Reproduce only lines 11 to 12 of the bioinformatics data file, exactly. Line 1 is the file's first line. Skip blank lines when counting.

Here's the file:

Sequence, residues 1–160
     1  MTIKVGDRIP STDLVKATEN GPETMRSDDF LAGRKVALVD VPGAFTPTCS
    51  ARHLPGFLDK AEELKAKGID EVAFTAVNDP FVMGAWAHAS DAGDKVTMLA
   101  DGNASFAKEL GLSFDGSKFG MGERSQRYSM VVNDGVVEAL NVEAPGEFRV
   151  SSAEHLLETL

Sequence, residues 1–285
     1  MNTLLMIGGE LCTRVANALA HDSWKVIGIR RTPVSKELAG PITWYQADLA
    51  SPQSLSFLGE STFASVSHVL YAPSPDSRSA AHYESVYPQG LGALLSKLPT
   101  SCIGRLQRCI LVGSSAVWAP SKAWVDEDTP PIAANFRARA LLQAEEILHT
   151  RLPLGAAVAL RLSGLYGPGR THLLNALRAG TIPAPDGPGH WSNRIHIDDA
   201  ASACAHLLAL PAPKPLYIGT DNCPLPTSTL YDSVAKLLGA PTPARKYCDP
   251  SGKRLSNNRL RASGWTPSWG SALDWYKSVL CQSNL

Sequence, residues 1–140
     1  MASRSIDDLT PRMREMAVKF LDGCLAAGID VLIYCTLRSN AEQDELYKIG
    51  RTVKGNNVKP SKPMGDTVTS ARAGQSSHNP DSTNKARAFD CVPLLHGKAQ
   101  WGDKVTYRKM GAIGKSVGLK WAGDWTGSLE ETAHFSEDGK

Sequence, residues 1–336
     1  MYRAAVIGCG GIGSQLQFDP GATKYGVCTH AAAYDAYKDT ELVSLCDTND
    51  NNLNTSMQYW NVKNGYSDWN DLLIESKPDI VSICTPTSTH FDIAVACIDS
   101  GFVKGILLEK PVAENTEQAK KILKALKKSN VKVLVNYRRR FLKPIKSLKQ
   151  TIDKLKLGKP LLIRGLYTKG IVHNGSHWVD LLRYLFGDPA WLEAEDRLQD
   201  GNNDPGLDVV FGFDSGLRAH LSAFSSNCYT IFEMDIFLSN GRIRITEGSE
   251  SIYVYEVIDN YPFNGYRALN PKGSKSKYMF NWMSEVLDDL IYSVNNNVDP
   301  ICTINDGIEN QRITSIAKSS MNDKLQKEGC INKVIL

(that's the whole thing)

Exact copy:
   201  ASACAHLLAL PAPKPLYIGT DNCPLPTSTL YDSVAKLLGA PTPARKYCDP
   251  SGKRLSNNRL RASGWTPSWG SALDWYKSVL CQSNL